What is Alloy Metal Added to Solder Paste for?

Up to now, tin is still regarded as the best material for soldering. Even lead-free solder paste is also mainly made of tin and the only difference lies in the absence of lead.


The melting temperature of pure tin (Sn) is as high as 231.9°C that is actually hardly accepted by soldering in PCB (Printed Circuit Board) assembly since some electronic components can’t stand such a high temperature. As a result, alloy solder should be added to tin powder that contributes to the majority of solder paste, such as silver (Ag), indium (In), zinc (Zn), antimony (Sb), copper (Cu), bismuth (Bi) etc. With the trace metals added to tin powder, the melting point of solder paste can be reduced so that PCB assembly can be implemented in quantity with energy saved.


The other aim of adding trace metals to solder paste lies in its function to improve the performance of solder balls such as their toughness or strength so that perfect properties can be obtained in terms of mechanics, electricity and thermal performance after soldering.


Now, it’s not difficult to understand why Sn63Pd37 accounts for the majority of solder paste with lead. Such solder paste can get a melting temperature as high as 183°C that is much lower than that of pure tin. When it comes to lead-free solder paste, if a little SAC305 is added, the melting temperature can be lowered to 217°C while if a little SCN is added, the melting temperature can be lowered to 227°C Either 217°C or 227°C is lower than the melting temperature of pure tin, that is, 231.9°C.


After two types of metals with high melting temperatures are proportionally mixed together, the melting temperature of the composite goes down. Isn’t that surprising? In fact, the reason for that results from some chemical features and will not be discussed in this article.


There are some types of metals that can be added to solder paste to make soldering smoothly carried out. The features and functions of those metals will be introduced in the following article.

• Silver (Ag)

Generally speaking, adding silver to solder paste aims to improve wettability of soldering and strengthen soldering strength and fatigue resistance. Solder paste is able to pass cold-hot recycling test. However, adding too much silver (usually more than 4%), solder balls will become fragile instead.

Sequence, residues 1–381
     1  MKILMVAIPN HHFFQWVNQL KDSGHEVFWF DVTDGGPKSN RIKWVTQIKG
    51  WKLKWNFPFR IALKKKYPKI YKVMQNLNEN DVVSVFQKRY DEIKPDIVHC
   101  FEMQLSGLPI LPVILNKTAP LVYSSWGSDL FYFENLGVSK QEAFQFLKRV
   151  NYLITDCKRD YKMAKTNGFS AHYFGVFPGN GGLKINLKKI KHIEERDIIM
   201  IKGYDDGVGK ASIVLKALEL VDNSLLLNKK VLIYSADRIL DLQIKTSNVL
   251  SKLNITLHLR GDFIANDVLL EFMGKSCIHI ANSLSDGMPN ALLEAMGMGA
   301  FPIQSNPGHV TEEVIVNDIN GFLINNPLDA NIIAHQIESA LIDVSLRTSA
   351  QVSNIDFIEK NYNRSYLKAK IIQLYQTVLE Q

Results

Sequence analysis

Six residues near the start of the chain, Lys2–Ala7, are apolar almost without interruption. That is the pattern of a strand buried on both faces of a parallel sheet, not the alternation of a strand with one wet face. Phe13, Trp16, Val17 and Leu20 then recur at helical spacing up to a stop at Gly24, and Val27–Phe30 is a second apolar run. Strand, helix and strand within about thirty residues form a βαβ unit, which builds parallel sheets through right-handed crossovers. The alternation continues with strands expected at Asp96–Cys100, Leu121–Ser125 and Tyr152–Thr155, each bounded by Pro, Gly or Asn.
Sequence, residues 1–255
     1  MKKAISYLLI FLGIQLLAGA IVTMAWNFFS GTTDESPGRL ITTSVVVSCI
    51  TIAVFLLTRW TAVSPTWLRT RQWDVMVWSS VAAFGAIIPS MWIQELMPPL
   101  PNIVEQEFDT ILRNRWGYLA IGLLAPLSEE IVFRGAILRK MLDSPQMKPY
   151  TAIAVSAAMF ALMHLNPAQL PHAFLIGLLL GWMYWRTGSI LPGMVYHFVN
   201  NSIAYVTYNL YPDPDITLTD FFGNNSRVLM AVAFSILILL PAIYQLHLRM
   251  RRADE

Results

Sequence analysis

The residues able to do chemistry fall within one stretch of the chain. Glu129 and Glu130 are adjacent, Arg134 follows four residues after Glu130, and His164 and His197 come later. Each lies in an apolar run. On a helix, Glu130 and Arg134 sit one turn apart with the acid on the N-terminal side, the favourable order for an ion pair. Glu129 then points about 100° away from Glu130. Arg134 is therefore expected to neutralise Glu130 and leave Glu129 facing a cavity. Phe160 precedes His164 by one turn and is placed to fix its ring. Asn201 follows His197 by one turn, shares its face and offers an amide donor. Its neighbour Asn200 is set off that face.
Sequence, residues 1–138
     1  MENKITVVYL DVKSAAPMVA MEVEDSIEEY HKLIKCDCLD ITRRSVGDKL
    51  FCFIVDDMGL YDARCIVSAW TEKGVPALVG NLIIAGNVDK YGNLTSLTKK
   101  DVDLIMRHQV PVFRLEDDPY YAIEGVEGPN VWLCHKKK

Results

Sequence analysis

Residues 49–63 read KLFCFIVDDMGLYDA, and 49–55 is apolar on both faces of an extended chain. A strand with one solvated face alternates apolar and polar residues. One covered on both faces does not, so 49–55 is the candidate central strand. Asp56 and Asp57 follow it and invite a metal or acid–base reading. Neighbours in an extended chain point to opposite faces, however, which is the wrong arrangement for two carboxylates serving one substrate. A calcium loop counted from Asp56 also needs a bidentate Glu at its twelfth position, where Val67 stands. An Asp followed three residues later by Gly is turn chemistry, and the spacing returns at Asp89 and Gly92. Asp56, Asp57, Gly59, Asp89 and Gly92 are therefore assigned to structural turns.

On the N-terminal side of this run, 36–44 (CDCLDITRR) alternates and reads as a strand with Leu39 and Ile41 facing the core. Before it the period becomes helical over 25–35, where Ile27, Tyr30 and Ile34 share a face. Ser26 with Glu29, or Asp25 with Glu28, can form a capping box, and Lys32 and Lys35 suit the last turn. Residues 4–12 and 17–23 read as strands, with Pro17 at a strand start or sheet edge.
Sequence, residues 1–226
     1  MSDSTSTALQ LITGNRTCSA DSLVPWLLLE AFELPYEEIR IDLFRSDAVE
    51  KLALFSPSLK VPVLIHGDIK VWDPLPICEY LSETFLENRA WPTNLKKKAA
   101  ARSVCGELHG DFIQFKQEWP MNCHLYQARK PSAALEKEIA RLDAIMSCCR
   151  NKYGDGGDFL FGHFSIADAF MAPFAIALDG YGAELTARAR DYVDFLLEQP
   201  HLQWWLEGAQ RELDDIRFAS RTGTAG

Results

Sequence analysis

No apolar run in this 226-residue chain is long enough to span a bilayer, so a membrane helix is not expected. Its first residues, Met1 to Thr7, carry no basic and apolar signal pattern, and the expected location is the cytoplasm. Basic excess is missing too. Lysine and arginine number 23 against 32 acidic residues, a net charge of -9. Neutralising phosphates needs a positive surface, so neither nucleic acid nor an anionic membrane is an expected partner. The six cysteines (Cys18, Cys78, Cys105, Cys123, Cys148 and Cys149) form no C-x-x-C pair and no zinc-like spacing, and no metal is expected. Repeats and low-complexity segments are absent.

• Indium (In)

Indium is possibly a type of metal that can be mixed with tin to become alloy metal with the lowest melting temperature. The lowest melting point of 52In48Sn can be as low as 120°C while that of 77.2Sn/20In/2.8Ag can be as low as 114°C. In some situations, solder with low melting temperature will be a good choice because of its good physical feature and wettability. Nevertheless, indium is so rare around the world that it is very expensive. As a result, indium can hardly be massively applied.

• Zinc (Zn)

Because zinc is quite ordinary, it can be bought in a low price that is similar to that of lead. Although melting point of zinc tin alloy is lower than that of pure silver, there’s no difference. Besides, zinc features an obvious disadvantage that it will easily reacts with the oxygen in the air with oxide generated. The oxide will reduce soldering wettability so that much tin splashes will be created or soldering quality will go down.

• Bismuth (Bi)

Bismuth also performs very well in helping to decrease the melting temperature of alloy. The alloy Sn42Bi58 features a melting temperature that is as low as 138°C while that of Sn64Bi35Ag1 is only 178°C The melting temperature of alloy of tin, zinc and bismuth can be as low as 96°C Bismuth performs very well in wettability and physical features. After lead-free soldering becomes popular, demands on bismuth drastically rise and bismuth is mainly used for products that can’t stand high-temperature soldering. The biggest disadvantage of tin-bismuth alloy lies in its low fragility and insufficient intensity of solder balls, which is why a little silver is added to increase strength and fatigue resistance.

• Nickel (Ni)

Adding nickel to solder is not to decrease the melting temperature. After all, compared with nickel tin alloy, pure tin features a lower melting temperature. Adding a little nickel is just to stop copper substrate from dissolving during soldering. Nickel is especially used in wave soldering to stop OSP (Organic Solderability Preservative) board from “biting” copper, so solder bar containing SnCuNi (SCN) alloy is applied in wave soldering.

• Copper (Cu)

Adding a little copper to solder paste is capable of increasing the rigidity of solder so that the intensity of solder balls can be increased. In addition, a little copper is capable of reducing corrosion effect caused by solder. The amount of copper added to solder should be less than 1% since more than 1% copper will possibly decrease soldering quality.

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